Will the US February NFP Signal Ongoing Recovery?
Last month’s NFP figures took everyone by surprise, coming in well above even the most optimistic expectations. It was one of many factors contributing to speculations that the Fed would become increasingly hawkish. That, in turn, helped support the dollar and keep stocks (particularly the Nasdaq) under pressure.
However, things have changed recently.
For most of February, there was quite a lot of talk that the Fed could raise rates by 50 basis points at their upcoming meeting. That would be a “double” rate hike, since typically the Fed moves by 25 basis points. Now that speculation has virtually vanished, 98% of analysts are expecting a “simple” rate hike.
Yesterday, as part of his testimony to Congress, Fed Chairman Powell virtually guaranteed a rate hike at the next meeting. This didn’t shake up the market so much, because that’s what was already expected. The big issue now appears to be what the Fed will do after the next meeting.
NFP could give us some insight into that, as the US economy has generally returned to pre-pandemic activity, although it remains about 5 million jobs less. So far, job creation has been relatively sluggish. That is, in comparison to what would be necessary to recover that number of jobs by the end of the year.
On the other hand, some economists point to changes in the underlying economic structure suggesting that recovering all the jobs wouldn’t be a mandatory requirement.
What to look out for
The consensus among analysts is that there were around 400K jobs created last month, compared to 467K in January. Many of them are expecting a slight reduction, considering February has three days less than January (or about 10% fewer days to hire someone).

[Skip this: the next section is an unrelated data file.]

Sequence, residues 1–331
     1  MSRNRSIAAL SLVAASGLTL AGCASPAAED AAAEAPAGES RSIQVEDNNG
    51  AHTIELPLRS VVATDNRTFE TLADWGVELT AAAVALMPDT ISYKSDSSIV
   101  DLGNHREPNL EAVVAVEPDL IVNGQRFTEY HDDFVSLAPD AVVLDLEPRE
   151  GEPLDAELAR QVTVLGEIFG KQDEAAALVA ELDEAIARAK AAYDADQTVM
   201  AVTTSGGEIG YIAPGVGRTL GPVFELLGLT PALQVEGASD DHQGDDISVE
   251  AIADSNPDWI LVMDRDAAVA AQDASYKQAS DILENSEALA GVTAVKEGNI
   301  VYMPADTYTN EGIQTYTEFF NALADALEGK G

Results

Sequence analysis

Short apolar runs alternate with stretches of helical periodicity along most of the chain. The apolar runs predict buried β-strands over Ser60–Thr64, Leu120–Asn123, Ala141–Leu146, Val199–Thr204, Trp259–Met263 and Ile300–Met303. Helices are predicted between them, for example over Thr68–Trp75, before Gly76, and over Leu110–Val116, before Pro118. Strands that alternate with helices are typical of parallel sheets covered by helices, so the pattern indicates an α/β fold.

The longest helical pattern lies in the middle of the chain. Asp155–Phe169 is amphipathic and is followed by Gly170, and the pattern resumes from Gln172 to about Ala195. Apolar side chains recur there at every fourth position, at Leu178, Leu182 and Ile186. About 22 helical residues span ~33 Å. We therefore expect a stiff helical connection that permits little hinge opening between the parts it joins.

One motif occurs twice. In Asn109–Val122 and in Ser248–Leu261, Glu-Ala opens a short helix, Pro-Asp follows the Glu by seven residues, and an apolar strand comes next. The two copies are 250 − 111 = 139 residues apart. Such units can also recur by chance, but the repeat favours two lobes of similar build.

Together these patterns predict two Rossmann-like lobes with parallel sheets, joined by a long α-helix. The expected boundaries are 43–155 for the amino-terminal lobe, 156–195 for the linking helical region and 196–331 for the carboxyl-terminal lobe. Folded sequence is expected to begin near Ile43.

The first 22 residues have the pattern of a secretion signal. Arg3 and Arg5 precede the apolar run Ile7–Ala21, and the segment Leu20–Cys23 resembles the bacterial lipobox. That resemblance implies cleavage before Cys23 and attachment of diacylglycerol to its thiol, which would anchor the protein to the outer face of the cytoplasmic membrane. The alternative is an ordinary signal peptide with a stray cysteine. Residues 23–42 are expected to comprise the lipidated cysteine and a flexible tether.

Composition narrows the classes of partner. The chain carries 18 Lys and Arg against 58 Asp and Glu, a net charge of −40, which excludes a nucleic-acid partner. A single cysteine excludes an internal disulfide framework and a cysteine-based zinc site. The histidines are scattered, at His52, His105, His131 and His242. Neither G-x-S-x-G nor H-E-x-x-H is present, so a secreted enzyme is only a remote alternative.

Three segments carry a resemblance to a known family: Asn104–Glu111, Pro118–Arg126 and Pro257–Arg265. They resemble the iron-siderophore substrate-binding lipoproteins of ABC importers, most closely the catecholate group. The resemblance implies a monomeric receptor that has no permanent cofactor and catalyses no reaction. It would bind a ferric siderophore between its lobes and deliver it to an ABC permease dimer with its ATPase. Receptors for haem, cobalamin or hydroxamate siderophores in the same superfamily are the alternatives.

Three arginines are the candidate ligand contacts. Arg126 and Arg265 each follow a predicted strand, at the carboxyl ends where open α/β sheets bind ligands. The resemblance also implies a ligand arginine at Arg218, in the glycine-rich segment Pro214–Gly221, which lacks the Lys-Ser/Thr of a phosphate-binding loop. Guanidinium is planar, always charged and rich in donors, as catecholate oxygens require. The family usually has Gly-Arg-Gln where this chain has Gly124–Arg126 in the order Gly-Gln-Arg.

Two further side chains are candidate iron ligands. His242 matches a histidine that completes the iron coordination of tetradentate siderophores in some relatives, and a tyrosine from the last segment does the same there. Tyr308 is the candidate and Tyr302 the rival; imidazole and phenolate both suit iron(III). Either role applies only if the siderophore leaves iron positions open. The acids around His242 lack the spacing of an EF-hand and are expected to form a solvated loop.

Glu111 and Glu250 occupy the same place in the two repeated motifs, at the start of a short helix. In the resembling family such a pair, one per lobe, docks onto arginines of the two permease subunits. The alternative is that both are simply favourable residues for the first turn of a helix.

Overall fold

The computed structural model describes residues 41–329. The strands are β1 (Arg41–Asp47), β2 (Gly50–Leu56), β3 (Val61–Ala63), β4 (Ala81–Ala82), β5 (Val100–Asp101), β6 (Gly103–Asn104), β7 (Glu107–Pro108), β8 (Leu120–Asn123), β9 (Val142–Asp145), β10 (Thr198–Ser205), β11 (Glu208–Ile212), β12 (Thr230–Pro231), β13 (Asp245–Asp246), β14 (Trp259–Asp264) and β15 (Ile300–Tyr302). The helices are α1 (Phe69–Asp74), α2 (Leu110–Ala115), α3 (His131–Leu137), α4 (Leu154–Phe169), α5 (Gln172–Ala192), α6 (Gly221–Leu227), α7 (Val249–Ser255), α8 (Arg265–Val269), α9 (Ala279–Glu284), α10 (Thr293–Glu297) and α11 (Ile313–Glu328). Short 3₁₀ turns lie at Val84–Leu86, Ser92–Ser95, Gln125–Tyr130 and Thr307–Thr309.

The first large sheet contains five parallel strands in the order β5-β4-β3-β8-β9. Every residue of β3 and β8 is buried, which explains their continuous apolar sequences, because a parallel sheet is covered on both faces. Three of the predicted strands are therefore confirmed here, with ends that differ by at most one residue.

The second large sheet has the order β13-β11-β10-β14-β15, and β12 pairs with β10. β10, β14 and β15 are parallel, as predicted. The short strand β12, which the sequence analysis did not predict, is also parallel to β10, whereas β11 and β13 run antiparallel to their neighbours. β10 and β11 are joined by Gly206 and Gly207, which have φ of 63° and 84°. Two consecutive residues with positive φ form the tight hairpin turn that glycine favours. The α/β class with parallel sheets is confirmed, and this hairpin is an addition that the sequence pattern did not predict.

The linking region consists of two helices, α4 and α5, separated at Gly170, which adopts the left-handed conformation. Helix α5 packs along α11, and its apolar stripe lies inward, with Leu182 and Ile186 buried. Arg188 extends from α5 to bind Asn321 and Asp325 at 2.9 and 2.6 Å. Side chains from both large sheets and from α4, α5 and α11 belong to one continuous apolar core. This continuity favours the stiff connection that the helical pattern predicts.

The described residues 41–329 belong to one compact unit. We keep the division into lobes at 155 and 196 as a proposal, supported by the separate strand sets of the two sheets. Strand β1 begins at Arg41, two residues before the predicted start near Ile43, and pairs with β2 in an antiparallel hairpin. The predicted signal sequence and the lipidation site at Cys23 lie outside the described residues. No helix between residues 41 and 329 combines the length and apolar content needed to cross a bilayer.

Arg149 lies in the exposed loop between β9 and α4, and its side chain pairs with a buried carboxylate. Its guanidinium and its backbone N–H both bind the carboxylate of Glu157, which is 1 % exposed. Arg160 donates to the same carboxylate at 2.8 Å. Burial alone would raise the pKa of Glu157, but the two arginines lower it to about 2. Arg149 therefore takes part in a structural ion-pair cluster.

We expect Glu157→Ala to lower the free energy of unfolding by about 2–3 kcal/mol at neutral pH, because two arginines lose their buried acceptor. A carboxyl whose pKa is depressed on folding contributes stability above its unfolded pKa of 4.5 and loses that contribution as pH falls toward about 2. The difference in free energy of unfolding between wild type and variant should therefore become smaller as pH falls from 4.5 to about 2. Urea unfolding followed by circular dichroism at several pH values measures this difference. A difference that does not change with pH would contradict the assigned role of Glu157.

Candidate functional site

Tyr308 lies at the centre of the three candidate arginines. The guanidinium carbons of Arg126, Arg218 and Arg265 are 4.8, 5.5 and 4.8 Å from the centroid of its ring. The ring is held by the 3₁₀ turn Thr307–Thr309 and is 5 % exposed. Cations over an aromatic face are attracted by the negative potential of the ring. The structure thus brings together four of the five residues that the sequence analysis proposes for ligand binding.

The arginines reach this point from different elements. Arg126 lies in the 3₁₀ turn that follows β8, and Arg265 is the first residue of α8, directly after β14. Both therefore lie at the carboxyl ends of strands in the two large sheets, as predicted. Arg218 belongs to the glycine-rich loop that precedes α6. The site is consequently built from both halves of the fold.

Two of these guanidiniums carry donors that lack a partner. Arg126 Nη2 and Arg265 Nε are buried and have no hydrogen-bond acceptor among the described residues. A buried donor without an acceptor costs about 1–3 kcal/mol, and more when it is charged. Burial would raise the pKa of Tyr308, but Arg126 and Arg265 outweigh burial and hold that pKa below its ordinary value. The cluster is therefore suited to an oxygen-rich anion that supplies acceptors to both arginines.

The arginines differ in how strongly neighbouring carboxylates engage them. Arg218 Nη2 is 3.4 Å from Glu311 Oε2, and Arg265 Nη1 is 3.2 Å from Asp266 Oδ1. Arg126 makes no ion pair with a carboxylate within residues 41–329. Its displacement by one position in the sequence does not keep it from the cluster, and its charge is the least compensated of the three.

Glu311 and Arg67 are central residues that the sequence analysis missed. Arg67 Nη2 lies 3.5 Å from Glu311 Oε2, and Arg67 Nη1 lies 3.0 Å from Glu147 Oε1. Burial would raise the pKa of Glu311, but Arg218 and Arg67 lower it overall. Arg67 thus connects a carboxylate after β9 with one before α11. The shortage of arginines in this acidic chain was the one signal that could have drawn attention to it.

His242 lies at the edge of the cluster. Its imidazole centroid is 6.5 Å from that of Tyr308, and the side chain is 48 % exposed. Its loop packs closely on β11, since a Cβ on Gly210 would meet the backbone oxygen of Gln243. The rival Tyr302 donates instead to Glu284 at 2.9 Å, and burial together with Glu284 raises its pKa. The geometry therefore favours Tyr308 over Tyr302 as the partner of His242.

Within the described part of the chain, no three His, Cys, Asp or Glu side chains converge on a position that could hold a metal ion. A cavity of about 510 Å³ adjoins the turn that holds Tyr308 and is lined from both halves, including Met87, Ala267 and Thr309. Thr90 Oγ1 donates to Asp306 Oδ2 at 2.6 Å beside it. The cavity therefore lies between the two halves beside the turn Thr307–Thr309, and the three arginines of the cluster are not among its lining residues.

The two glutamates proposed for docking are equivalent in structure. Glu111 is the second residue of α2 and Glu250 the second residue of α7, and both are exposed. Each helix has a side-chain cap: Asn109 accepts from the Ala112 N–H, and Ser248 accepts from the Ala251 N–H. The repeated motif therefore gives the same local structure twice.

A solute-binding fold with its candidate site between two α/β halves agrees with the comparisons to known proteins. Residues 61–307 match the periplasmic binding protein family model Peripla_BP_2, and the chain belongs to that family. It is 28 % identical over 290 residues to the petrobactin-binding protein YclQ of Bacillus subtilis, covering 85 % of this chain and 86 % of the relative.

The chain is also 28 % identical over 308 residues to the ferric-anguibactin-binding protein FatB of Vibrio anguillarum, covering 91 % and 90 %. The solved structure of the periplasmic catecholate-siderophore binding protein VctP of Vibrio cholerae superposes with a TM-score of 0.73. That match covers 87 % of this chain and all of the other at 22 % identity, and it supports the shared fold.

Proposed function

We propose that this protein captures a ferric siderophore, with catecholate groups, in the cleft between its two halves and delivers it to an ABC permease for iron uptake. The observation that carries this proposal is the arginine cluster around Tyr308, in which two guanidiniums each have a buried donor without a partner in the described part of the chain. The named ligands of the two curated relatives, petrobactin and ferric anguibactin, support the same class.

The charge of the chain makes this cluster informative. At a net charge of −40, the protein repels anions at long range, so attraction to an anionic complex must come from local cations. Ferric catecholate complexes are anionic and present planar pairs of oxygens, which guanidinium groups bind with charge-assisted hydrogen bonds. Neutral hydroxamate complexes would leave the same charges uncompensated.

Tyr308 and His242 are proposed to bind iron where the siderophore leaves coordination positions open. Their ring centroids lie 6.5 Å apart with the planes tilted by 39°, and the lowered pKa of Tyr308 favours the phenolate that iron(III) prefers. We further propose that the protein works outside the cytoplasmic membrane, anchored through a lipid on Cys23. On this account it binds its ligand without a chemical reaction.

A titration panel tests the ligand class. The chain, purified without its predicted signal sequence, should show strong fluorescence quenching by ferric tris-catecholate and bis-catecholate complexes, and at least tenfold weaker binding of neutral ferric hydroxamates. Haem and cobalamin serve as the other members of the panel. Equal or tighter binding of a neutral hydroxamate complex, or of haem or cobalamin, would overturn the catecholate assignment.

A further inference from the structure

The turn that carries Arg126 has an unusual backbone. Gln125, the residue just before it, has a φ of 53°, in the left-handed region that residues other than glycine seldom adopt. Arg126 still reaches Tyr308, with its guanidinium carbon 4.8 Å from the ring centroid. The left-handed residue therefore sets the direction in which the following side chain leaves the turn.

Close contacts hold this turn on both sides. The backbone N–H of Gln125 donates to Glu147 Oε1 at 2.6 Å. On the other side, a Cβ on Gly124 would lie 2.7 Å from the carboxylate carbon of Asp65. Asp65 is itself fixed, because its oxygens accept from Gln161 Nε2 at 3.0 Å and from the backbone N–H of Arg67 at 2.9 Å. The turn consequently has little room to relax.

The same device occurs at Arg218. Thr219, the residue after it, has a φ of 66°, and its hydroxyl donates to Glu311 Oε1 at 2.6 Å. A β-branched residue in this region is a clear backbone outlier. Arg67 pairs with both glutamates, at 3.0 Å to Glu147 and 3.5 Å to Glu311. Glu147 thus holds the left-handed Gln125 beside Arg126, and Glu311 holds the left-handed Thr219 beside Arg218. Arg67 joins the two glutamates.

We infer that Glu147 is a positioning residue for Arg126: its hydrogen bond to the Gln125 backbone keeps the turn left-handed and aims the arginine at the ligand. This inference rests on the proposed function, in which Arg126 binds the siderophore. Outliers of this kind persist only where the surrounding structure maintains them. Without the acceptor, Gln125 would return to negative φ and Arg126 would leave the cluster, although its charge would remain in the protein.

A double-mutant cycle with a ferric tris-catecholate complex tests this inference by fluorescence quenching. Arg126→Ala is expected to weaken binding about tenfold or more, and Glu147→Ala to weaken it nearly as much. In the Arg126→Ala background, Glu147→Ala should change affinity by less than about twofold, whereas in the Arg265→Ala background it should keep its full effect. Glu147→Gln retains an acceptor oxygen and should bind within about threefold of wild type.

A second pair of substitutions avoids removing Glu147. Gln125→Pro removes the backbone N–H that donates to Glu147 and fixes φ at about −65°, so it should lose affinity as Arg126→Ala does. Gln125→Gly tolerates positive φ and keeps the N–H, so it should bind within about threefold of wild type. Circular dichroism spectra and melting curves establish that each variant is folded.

In general, substantial jobs growth would give the Fed room to continue policy tightening. However, there is a substantial short-term risk due to the Ukraine situation, as Chairman Powell mentioned yesterday in his testimony. That could likely overshadow the US employment data, as far as a potential market reaction is concerned.
Wage growth over jobs growth
The other factor that could change the market’s outlook for the Fed is the average hourly earnings. These could grow by 5.8%, compared to 5.7% in the prior month. This is still below the inflation rate.
One of the main fears of the Fed is a wage-price cycle that could push inflation significantly higher. With inflation higher than wage growth, there’s less risk. On the other hand, it implies an erosion of consumer purchasing power. And that could be negative for the economy in the long run.
A not so strong dollar?
That could mean that the Fed might be looking to raise rates sharply in the short term, but be much slower to raise rates later. In fact, that would imply lower yields further along the bond curve, which is what usually attracts capital flows.
All that technical jargon basically means that if wages aren’t growing as fast, then the dollar might not get as strong. However, again, that is without considering the flight to safety right now due to the Ukraine crisis.